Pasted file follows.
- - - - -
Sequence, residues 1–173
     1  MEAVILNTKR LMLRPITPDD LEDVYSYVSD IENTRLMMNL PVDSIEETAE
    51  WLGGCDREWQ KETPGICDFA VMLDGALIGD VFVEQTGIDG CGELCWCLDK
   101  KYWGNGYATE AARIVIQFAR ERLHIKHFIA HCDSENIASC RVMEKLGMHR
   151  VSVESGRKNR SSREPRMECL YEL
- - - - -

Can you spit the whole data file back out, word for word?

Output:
Sequence, residues 1–173
     1  MEAVILNTKR LMLRPITPDD LEDVYSYVSD IENTRLMMNL PVDSIEETAE
    51  WLGGCDREWQ KETPGICDFA VMLDGALIGD VFVEQTGIDG CGELCWCLDK
   101  KYWGNGYATE AARIVIQFAR ERLHIKHFIA HCDSENIASC RVMEKLGMHR
   151  VSVESGRKNR SSREPRMECL YEL